As one special dad to another, this is what I think you should prepare for. 

1. Planning Finances 

Having a special needs child can mean redesigning our whole life for therapy schedules, doctor visits, tests and other related appointments. 

Besides the financial strain due to these extra costs, some special dads (or our wives) have to give up career progression or quit altogether to accompany our child to appointments. 

Suddenly we have a double whammy — higher expenses and lower household income. 

In my earlier years, I had held fast to some simple accounting principles of ensuring I invested and diversified the money I earned. I left the purchase of cars, clothing and holidays to a later date because I had an extended family that impressed upon me on what I needed to do when I grew up.        

Today we have the internet, financial consultants, and even government portals such as MoneySense to advise the best for our needs at different stages of our lives. I would encourage you to reach out and use these avenues so that we can educate ourselves enough to be able to help our families. 

2. Managing wife’s expectations

There will be days where your relationship with your wife may become strained due to the stress of caring for your special needs child. 

Not everything has to be an equal game. Everyone has strengths at different points of time. 

Look at things objectively. If your wife is in a better position to put bread on the table, could you step up and be a hands-on father to your special needs child? This is what I decided to do five years ago when my son grew bigger and needed a more present father.

Our marriage is still a “work in progress”. We deal with challenges and each other’s sensitivities the best we can. There are so many permutations to getting it to work and there is no “best” or “logical process” to make it work. Every day presents new challenges and opportunities. 

I’ve learned that no matter how angry, sad, disappointed or let down I feel, I don’t need to take it to heart, and I try my best to be empathic. Even this may not work all the time, so I then take it as life’s journey. We can still choose to see how we can make things work better and learn from the experience.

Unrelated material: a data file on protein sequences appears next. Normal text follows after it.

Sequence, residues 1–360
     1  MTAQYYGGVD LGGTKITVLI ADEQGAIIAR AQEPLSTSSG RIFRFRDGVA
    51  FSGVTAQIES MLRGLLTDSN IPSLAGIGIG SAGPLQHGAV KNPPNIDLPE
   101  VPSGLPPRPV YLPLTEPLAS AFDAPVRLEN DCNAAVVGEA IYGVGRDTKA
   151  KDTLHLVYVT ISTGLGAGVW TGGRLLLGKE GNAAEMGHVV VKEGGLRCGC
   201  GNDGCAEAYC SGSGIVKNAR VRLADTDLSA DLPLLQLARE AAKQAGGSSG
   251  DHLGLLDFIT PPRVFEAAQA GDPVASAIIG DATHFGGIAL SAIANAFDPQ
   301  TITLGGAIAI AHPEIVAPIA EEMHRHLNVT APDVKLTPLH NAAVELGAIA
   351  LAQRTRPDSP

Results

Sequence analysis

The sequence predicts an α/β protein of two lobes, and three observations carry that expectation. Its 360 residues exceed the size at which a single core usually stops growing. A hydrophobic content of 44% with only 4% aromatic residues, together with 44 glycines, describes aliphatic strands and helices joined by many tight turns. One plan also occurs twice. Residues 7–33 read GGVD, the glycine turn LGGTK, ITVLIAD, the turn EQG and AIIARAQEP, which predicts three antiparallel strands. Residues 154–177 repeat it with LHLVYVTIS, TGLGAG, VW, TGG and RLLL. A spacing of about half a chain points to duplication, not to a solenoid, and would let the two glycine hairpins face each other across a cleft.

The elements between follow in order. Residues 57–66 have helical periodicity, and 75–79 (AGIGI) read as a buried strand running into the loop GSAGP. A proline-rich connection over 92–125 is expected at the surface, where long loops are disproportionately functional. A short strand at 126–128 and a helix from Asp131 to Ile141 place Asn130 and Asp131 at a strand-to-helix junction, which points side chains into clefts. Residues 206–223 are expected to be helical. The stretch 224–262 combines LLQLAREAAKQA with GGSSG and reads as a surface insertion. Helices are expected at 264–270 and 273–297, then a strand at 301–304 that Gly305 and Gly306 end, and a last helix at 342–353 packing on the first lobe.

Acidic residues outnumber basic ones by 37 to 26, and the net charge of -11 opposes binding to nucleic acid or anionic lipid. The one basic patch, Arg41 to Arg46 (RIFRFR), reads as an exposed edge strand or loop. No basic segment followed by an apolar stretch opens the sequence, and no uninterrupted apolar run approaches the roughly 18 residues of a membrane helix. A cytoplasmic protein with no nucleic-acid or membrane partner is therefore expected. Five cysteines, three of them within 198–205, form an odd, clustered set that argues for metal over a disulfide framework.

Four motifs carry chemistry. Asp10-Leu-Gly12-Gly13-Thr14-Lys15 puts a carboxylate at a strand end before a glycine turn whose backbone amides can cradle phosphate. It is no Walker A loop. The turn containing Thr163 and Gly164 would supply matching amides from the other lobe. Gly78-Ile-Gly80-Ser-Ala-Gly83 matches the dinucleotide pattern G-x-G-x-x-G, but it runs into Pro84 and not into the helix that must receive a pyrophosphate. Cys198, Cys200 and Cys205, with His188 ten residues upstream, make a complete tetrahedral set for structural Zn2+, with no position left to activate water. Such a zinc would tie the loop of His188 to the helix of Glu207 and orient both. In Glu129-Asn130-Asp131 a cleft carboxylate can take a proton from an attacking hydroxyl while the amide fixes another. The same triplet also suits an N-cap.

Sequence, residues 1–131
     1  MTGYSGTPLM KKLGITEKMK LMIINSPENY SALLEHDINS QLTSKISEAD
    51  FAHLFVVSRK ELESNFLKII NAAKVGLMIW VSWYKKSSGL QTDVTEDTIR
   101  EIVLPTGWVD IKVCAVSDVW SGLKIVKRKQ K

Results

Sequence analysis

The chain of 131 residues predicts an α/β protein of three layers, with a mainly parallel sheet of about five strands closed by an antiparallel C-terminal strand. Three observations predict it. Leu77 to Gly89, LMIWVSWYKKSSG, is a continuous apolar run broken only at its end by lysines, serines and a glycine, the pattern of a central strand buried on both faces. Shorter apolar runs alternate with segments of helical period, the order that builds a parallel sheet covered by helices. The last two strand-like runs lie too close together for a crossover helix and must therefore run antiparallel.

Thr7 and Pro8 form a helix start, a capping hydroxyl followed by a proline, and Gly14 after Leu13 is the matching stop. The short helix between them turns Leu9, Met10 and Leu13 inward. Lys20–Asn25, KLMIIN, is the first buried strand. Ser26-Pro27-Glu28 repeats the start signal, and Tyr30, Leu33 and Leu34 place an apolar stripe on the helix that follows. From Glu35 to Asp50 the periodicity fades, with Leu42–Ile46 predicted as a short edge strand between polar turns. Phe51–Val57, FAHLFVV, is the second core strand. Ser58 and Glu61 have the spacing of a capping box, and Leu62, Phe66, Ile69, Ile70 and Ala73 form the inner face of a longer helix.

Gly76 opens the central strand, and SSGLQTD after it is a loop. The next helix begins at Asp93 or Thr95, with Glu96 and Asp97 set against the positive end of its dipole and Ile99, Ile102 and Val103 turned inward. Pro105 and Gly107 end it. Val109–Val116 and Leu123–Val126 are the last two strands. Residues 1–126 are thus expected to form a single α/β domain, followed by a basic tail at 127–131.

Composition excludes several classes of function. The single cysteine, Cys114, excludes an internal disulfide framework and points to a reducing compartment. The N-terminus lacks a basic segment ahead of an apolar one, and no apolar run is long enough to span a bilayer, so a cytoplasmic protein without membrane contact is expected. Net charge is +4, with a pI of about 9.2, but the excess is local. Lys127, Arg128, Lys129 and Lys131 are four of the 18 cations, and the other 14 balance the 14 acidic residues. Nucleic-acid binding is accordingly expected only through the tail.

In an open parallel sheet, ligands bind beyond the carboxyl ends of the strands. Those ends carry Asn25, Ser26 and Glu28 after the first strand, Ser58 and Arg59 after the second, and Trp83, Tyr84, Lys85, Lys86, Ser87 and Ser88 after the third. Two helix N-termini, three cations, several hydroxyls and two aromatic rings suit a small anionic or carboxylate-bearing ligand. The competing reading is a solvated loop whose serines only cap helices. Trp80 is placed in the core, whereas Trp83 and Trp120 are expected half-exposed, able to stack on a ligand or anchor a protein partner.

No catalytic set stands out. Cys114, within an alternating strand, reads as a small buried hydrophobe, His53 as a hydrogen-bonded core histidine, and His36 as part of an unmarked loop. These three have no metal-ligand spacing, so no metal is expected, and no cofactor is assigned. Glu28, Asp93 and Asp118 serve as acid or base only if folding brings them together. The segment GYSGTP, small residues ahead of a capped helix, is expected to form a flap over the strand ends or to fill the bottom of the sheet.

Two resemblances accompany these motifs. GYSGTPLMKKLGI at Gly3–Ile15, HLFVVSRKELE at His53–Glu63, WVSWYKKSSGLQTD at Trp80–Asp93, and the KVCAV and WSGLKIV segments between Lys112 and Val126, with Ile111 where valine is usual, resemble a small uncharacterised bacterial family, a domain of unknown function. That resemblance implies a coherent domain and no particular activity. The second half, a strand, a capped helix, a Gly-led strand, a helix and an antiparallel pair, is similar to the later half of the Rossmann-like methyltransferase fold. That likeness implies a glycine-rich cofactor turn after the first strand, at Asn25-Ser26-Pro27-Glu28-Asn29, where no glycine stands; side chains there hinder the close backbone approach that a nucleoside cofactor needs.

This makes for a happier “me”, and a happier “me” can then back down, smile and not let the situation escalate further unnecessarily.

3. Do I have to solve everything?

We men have an innate habit of going into problem-solving mode. But special needs isn’t something you can cure away. 

That said, there are some things that you can solve, such as planning ahead, creating a safe space for your family to walk this journey together, and spending time on self-care for yourself.

For everything else that is out of your hands, learn how to adjust and outsource to experts. For example, Centre For Fathering runs programmes for fathers on parenting and adventure camps to promote bonding with your child.

4. Be prepared to start from ground zero

As we learn from scratch how to become a father when our first child is born, we also start from ground zero when we first realise we are special needs dads.

Centre For Fathering has a growing community of special needs dads who have walked in your shoes and know what it’s like. 

Find your tribe and take it step by step.

Anand 3

5. Making the best of what we have

When life throws us lemons, make lemonade. 

Being a special dad ironically came with blessing to me. I discovered I have so many untapped skills as a father and that our special child brings out in us. 

In my years of being a father, I feel I was accorded the privilege of being a father to a special needs child simply because my son has made me a more resilient, patient, emotionally connected father. This is something I wasn’t always (and to a large degree) felt capable of doing.

Anand 4

About Anand Lal and the Centre For Fathering’s Special Dads Group:

Anand Lal is a special dad to a fourteen-year old son with intellectual disabilities and apraxia. He quit his full-time job five years ago to spend more time with his son, such as taking him on adventure trips and indulging in swimming, his favourite activity. Anand has also upgraded his skills to become an Inclusive and Neuro Diverse Water Safety and Swimming Coach, and actively volunteers at the Centre For Fathering’s Special Dads Group.

Anand is also a CaringSG CAREconnect champion and is the Head of CAREbuddy.

All photos courtesy of Anand Lal.

To be updated on CaringSG’s latest events and join your preferred caregiver support groups in our CaringSG Alliance Network (CAN), sign up as a CaringSG member and let us know your preference!